After taking a step forward in his development during the regular season, high expectations were put on Joel Eriksson Ek to shut down the likes of Elias Pettersson and company in the Minnesota Wild’s series against the Vancouver Canucks.
To put it simply, he failed to meet those expectations.
The Swedish center finally had a chance to silence the crowd in Minnesota that still brings up the fact that the Wild picked him over the hometown goal-scorer Brock Boeser. The 2015 20th overall pick was selected three picks in front of the Canucks winger and Burnsville native. Eriksson Ek had a real shot to outplay his counterpart.
Many predicted he would take another step in his development, just as he did during the regular season. You, the readers at Hockey Wilderness, gave Eriksson Ek’s 2019-20 regular season a final grade of a “B.” It wasn’t a huge step in his development, but he sure took strides in his game and developed the role of being a pest to play against. The one thing his regular season was missing was production in the offensive zone and on the scoresheet. This was the area the Wild and its fans circled before the playoffs and hoped to see a spike in during the postseason.
That never happened for the 23-year-old, and not to bury a man already six feet in the ground, but his draft counterpart thrived against the Wild while playing alongside superstars Elias Pettersson and J.T. Miller.
Here’s something you can do if you’re really, really bored. Go to Google Search and type in “meh NHL.” If you look hard enough, you should find Joel Eriksson Ek’s performance in the play-in series.
He wasn’t all that great, but on the other hand, he wasn’t all that bad. Eriksson Ek was simply meh. With veteran Zach Parise stapled to his hip for most of the four-game play-in series against the Canucks, the centerman only tallied a grand total of one (1) point.
The point came on a goal scored in the fourth and final game of the series. Wild defenseman Jonas Brodin took a snapshot on net that bounced out to Eriksson Ek driving toward the net fast and hard. Eriksson Ek picked up the rebound, outwaited his countryman Jacob Markstrom until he had the best angle to shoot and buried it past the Canucks netminder for his first career postseason goal.
His underlying stats for the series stick with the theme of “meh” as it tells a story of a player that didn’t play horribly, but also didn’t stand out. Keep in mind, Eriksson Ek did match up against one of the Canucks’ top two lines for most of the series. If it wasn’t Pettersson being an absolute freak, it was Bo Horvat tipsy doodling around Wild defenders. Meanwhile Eriksson Ek tried his darnedest to keep all the young stars at bay. The Wild’s second-line center finished with a Corsi For percentage of 41.5. Keeping in mind he played against Vancouver’s top six, his 41.5 percent Corsi For isn’t too alarming as he was only on the ice for two goals against while on the ice at 5-on-5.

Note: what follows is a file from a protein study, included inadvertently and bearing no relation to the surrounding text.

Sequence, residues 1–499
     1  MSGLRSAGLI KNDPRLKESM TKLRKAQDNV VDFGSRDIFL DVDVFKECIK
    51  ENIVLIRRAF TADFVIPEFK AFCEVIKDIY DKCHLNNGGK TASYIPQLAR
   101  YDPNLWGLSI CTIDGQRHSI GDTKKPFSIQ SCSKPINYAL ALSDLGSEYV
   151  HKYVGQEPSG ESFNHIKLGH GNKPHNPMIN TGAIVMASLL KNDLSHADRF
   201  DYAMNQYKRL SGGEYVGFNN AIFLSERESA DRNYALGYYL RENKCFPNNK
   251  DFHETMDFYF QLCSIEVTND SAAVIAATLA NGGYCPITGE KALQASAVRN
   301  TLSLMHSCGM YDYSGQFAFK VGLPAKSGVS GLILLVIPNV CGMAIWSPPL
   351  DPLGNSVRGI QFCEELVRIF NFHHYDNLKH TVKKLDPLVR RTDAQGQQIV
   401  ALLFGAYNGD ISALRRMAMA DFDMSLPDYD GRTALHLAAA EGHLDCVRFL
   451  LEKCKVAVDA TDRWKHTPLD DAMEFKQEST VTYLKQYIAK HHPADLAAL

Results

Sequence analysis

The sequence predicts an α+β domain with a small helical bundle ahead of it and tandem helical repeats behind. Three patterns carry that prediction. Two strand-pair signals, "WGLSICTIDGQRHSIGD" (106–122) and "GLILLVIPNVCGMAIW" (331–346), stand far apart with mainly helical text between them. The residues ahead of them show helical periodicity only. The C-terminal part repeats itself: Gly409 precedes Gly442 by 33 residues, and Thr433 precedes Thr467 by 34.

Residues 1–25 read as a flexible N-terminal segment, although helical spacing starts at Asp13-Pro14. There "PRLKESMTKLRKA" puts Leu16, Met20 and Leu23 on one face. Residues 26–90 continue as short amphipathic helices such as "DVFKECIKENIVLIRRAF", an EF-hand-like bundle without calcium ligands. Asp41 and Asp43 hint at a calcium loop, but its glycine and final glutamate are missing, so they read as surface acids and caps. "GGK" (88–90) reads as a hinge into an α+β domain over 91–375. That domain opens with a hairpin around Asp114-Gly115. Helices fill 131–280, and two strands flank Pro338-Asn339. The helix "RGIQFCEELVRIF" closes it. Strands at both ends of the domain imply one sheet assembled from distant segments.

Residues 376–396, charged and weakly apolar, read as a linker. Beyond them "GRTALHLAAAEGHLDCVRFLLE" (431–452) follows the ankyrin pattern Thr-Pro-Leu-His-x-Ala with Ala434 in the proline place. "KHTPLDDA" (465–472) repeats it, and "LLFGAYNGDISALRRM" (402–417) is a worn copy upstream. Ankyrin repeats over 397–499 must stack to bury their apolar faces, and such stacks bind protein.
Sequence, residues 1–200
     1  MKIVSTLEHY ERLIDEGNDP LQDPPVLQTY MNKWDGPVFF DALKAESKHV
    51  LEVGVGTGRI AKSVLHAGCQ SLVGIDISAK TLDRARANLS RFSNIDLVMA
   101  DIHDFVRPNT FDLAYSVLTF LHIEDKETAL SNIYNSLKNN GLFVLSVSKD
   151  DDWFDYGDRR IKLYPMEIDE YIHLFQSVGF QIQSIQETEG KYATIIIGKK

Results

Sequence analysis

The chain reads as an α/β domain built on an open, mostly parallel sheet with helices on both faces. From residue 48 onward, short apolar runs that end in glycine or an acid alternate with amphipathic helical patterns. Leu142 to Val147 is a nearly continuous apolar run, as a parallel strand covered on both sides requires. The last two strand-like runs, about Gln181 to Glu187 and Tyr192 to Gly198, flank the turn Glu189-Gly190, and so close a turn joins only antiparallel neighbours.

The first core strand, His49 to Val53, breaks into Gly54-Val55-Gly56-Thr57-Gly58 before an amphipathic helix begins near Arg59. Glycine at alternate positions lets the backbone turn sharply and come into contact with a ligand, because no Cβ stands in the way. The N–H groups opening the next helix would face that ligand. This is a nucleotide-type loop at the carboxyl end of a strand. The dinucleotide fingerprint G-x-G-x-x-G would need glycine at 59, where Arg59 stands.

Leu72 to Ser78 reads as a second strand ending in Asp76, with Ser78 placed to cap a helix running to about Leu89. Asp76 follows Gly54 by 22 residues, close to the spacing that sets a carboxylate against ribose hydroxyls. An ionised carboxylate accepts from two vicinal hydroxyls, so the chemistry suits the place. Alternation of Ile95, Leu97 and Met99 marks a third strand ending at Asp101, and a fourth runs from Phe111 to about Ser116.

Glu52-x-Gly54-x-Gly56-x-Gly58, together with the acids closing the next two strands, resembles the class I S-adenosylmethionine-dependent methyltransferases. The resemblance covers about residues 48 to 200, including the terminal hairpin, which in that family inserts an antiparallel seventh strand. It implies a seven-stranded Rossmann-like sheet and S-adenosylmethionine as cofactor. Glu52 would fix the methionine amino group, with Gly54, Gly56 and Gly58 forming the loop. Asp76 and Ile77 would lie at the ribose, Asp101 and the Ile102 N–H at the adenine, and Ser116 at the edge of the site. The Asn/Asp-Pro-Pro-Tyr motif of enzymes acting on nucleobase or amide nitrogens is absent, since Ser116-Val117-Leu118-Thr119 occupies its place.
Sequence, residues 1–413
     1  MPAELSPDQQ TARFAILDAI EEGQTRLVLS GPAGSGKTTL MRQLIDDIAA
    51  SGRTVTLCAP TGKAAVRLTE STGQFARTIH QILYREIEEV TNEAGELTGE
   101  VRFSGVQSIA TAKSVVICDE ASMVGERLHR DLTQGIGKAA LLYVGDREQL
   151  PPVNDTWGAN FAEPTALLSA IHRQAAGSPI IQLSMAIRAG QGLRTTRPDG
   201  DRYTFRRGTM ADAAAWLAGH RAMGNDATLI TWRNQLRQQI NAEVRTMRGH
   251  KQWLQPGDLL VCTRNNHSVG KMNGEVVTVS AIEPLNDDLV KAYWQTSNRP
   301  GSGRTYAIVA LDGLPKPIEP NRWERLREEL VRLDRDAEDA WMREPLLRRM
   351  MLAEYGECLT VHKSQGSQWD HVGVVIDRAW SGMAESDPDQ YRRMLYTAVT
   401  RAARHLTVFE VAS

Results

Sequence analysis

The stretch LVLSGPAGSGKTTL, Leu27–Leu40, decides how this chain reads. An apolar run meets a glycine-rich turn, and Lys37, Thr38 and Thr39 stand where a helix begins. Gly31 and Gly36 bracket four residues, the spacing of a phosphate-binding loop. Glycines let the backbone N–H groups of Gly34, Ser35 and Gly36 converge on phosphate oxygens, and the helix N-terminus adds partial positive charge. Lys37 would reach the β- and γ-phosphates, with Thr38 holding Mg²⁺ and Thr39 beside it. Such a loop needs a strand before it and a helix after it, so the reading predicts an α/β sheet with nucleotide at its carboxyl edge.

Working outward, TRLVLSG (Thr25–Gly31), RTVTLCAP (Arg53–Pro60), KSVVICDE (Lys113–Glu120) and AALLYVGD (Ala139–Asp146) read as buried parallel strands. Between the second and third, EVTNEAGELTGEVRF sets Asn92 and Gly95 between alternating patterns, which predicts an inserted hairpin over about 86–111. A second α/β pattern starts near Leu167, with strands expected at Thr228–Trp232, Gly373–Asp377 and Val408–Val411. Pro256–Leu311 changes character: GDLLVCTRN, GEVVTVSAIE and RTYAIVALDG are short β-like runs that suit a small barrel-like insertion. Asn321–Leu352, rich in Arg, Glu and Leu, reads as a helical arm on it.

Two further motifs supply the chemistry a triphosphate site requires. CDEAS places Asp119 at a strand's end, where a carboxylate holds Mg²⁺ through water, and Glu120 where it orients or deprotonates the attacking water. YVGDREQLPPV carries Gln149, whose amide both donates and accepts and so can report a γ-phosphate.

What doesn't help his case is that he was only on the ice for one goal scored in the Wild’s favor. To make it even worse, he did this while starting his shift in the offensive zone 78.8% of the time. Combine that with his 41.8% in the faceoff dot and you can almost pinpoint a big reason why the Wild struggled to put the puck in the net throughout the series.
This series showed us what to expect from Joel Eriksson Ek. Will he be the franchise’s future No. 1 center we all hoped he’d become? That’s probably a long shot. Will he become a good second-line center? The cat is still out of the bag on that one, but if you were a betting man or woman, you’d probably put your money on Eriksson Ek being a really sound and solid option as this team’s third-line center for years to come.
He plays very well in his own end and shuts down opposing teams’ first or second lines for the most part, so he should be someone Bill Guerin and company would like to keep around for a while.
As the roster stands now, Eriksson Ek sits as next year’s second-line center behind Eric Staal. With the team looking for a first-line center or even a second-line center as a placeholder of sorts for a couple of years, one should suspect on opening night next season Eriksson Ek will be slotted in the role he has shown he can play efficiently for this team — as the Wild’s third-line center.
Previously in the Minnesota Wild play-in report card series: